This case highlights a number of questions regarding legal responsibility for software copyright infringement.
Southlake, TX (PRWEB) July 18, 2011
A recent Northern District of Idaho case (1:11-cv-00310-REB) should shed some light on how to apportion legal liability for copyright infringement damages related to business software usage, says Robert J. Scott, Managing Partner, of Scott & Scott, LLP, whose law firm represents companies targeted by the Software & Information Industry Association (SIIA).
In Brasher’s vs. Software & Information Industry Association et al., the plaintiff, a target of an SIIA software audit, filed suit asking the court to determine who is legally responsible for the unlicensed software found on its computers during the audit. Brasher’s included its former IT administrator as a defendant and presumed informant for his role in an installing the software and seeks indemnity from the company it acquired the assets from.
“This case highlights a number of questions regarding legal responsibility for software copyright infringement,” Scott says.
Brasher’s alleges in its complaint that it purchased the assets of Idaho Auto Auction which included a number of computers. Thereafter, they claim that a former IT administrator of Brasher’s installed non-licensed copies of Adobe software on their computers. The employee, Gillespie, was allegedly in violation of the company’s polices and he was subsequently terminated. The plaintiff further alleges that Gillespie later informed the SIIA that Brasher’s had pirated software.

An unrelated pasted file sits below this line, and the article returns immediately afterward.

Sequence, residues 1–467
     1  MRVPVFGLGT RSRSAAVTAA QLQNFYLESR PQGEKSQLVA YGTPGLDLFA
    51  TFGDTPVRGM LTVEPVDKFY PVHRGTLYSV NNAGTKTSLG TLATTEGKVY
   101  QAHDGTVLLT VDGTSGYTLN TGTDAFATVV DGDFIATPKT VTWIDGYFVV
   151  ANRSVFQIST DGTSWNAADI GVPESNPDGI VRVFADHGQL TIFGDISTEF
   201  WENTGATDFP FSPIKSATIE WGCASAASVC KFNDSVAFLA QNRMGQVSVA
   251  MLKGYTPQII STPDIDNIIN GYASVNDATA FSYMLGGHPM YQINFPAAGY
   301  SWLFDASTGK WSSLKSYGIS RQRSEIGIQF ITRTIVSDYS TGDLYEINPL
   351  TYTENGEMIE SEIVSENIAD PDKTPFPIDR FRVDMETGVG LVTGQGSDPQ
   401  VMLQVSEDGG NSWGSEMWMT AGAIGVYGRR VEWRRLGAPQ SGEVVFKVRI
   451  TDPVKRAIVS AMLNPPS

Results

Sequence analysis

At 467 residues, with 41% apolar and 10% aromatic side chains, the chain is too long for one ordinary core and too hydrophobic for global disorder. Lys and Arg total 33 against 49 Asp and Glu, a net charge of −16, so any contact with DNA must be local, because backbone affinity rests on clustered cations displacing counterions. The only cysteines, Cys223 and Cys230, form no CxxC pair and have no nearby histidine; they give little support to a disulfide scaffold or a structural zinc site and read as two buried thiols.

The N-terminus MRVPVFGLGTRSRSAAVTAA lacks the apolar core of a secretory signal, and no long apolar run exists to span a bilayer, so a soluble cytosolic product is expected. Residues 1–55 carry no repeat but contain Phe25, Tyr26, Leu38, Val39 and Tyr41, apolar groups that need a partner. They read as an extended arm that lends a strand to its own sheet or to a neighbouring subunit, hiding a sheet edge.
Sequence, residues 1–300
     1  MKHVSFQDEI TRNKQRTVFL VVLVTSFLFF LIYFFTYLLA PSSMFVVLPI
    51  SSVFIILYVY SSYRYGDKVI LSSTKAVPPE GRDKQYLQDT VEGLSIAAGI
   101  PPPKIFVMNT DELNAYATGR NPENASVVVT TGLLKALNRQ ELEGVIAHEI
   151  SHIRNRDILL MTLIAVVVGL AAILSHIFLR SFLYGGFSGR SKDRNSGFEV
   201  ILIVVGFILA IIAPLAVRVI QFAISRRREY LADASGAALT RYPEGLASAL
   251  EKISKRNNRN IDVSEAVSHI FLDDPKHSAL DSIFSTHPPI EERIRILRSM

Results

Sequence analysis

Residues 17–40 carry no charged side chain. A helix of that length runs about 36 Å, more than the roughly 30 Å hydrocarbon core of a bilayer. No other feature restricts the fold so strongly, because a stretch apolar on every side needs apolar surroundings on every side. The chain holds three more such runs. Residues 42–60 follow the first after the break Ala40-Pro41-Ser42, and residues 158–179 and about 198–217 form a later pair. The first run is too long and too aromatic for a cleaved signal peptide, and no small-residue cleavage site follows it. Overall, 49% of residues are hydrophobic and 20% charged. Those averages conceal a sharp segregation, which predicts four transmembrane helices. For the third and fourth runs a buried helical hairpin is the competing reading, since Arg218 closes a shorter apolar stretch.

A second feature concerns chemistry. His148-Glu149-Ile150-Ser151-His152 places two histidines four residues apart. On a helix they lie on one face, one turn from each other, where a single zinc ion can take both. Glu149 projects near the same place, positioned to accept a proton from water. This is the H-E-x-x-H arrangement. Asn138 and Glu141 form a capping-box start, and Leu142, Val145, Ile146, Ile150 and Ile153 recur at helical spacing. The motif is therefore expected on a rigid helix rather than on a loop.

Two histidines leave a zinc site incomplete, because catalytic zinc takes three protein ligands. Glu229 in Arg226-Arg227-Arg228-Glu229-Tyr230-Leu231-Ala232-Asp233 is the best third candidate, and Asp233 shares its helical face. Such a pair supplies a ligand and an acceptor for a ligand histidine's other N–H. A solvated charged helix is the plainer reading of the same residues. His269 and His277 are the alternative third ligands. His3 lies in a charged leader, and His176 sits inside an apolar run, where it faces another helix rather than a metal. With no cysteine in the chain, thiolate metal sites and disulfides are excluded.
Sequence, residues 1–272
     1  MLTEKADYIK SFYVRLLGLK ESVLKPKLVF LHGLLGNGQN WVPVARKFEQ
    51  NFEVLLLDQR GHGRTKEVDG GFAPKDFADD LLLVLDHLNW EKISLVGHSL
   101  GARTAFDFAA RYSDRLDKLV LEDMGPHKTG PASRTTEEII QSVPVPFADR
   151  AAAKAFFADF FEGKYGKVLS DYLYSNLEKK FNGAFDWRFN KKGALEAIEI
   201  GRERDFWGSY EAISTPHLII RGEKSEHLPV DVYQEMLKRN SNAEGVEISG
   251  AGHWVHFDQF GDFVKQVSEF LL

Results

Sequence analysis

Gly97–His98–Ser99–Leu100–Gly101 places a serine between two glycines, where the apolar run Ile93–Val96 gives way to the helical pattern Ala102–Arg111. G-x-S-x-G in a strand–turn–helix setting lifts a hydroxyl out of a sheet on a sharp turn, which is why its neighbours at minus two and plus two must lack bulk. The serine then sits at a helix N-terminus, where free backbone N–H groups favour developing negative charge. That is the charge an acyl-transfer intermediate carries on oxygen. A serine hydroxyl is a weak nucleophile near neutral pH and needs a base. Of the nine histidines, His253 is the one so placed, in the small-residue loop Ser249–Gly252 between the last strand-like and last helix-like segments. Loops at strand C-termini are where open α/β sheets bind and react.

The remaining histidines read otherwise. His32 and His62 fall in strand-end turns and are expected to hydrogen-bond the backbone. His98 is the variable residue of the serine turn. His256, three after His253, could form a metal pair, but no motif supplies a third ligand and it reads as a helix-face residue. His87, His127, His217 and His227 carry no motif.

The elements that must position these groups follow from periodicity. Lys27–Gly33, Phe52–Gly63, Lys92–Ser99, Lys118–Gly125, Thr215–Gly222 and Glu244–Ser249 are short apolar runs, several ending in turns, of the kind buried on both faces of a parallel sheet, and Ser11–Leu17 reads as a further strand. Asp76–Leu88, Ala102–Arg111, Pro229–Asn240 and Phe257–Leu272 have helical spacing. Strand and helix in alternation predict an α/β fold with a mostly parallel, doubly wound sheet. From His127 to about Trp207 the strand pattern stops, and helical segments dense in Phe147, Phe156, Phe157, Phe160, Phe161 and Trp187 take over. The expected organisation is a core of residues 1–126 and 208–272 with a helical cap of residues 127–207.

The Software & Information Industry Association (SIIA), a trade association of software publishers, including Adobe, Corel, McAfee, and Symantec, conducts software copyright infringement audits on behalf of its members.
One of the claims in the complaint was that Brasher’s had no knowledge that the computers contained allegedly infringing software when it acquired the computers.
“This case underscores the importance of due diligence and properly documenting asset transactions involving the sale of computers with software installed. Lack of knowledge or intent is usually not a good defense to a copyright infringement claim where liability attaches without regard to fault or knowledge”, said Scott, whose firm has handled over 300 software audit cases.
About Scott & Scott, LLP:
Scott & Scott, LLP (http://www.scottandscottllp.com/siiadefense/) is a boutique intellectual property and technology law firm with an emphasis on software disputes, technology transactions, brand management, and federal litigation. Our lawyers and technology professionals take a principled approach to each engagement, leveraging our experience to provide value. Our clients range from mature small businesses to publicly traded multi-national corporations who work proactively with us to creatively solve business and legal issues. We regularly work as part of a team of in-house and outside attorneys managing large-scale legal projects. We take the time to listen to a client’s objectives and understand its business before developing a custom strategy and project plan designed to give the client visibility into the process and the potential outcomes.
See attachment for full complaint.